So it makes sense for Rachels to investigate the merits of psychological egoism. If it’s true, then it might support ethical egoism. Yet, and here’s why ethical egoism needs to be investigated even after Rachels rips apart psychological egoism, whether ethical egoism is true does not depend on whether psychological egoism is true. That is, ethical egoism could be true even if psychological egoism is false. This comes out as Rachels characterizes ethical egoism:
“the view that, regardless of how men do in fact behave, they have no obligation to do anything except what is in their own interests…a person is always justified in doing what is in his own interests, regardless of the effect on others.”
As you can see in that quote, apart from how people actually behave, they have no obligation to do anything other that what’s in their own interests. Yet, if it turns out people actually always do what’s in their own self-interest that might (with further arguments) lend support to the idea that that’s how they ought to behave. But how they ought to behave doesn’t rely on how people actually behave regarding whether it’s true or not. Claiming otherwise would commit the famous is-ought fallacy of trying to derive a normative claim from an empirical claim.

Two Arguments  for Psychological Egoism

Argument 1: Involves the claim that all acts are selfish because they pursue the strongest desire.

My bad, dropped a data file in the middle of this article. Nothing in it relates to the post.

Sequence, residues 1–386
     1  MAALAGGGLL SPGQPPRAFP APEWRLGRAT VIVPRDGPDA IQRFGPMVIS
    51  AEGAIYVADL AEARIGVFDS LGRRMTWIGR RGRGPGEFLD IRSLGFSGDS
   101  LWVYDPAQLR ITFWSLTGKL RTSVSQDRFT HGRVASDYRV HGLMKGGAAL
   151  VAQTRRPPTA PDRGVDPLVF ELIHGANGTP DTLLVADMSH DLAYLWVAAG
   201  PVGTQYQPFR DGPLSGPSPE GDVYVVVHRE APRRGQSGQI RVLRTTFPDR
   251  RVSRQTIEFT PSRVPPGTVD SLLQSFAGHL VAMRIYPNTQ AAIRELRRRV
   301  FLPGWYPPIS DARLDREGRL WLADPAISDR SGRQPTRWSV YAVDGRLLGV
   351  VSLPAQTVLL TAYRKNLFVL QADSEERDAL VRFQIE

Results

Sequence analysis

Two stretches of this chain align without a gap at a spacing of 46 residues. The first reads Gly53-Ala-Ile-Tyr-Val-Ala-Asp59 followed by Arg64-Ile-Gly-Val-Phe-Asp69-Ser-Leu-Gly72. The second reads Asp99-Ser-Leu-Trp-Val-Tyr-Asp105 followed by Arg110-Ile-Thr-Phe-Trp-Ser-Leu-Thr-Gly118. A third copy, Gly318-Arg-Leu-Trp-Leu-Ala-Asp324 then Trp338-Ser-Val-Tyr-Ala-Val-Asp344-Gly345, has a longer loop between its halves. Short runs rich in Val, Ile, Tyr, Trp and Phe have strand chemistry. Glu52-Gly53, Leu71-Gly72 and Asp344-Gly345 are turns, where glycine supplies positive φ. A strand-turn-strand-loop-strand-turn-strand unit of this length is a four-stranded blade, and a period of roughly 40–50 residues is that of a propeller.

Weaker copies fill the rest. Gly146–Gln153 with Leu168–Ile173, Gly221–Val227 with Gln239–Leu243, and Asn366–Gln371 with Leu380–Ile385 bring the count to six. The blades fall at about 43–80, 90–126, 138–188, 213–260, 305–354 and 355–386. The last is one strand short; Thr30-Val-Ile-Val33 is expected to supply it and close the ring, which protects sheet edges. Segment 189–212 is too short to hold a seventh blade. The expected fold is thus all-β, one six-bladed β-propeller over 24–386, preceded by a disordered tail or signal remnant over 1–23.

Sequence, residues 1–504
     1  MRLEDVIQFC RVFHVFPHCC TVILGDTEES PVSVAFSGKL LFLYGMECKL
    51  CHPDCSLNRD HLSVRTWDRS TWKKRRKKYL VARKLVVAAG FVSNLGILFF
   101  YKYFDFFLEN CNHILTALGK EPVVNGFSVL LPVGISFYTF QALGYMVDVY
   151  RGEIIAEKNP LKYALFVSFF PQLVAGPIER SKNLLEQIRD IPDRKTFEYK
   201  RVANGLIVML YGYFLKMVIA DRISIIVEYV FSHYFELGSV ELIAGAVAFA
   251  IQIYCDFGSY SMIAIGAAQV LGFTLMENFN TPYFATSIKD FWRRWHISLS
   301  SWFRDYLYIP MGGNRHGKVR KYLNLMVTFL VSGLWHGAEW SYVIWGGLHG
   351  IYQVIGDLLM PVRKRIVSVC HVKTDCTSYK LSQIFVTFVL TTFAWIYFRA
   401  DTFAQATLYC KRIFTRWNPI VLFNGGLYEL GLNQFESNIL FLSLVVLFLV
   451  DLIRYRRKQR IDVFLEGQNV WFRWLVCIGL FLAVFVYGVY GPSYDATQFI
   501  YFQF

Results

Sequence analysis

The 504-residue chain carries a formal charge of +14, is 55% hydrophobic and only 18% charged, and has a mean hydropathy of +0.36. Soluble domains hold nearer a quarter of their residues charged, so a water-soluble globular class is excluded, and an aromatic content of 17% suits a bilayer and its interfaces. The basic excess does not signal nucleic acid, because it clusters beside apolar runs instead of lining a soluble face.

I’m writing this  during the COVID-19 global pandemic. Times are hard. Imagine that you lost your job, which many people have. It’s a struggle to make rent. Out of the blue a friend offers to help cover your rent. She’s still employed and wants to help out. Isn’t this an unselfish act? Doesn’t this show people don’t always act out of self-interest? 
According to this first argument for psychological egoism, supposed voluntary acts of kindness like your friend covering your rent are not unselfish. Your friend is just doing what she most wants to do. If she didn’t most desire to help you, she wouldn’t have helped you. And your friend doing what she most wants to do just is acting in our own self-interest. So people only really are motivated to do stuff out of self-interest.
We can make the argument more precise as follows:
(1) Provided that an act is done voluntarily, the agent always does what she most wants to do.
(2) Doing what one wants to do just is acting in one’s own interest i.e. acting out of self-interest.
(3) The only motive from which anyone ever acts is self-interest.
Do you think this is a good argument? Rachels doesn’t think so, as he says, “this argument is so bad that it would not deserve to be taken seriously except for the fact that so many otherwise intelligent people have been taken in by it.” Why is the argument “so bad” according to Rachels?

Rachels’ First Objection to Argument 1 - People Don’t Always Act Based on Their Strongest Desire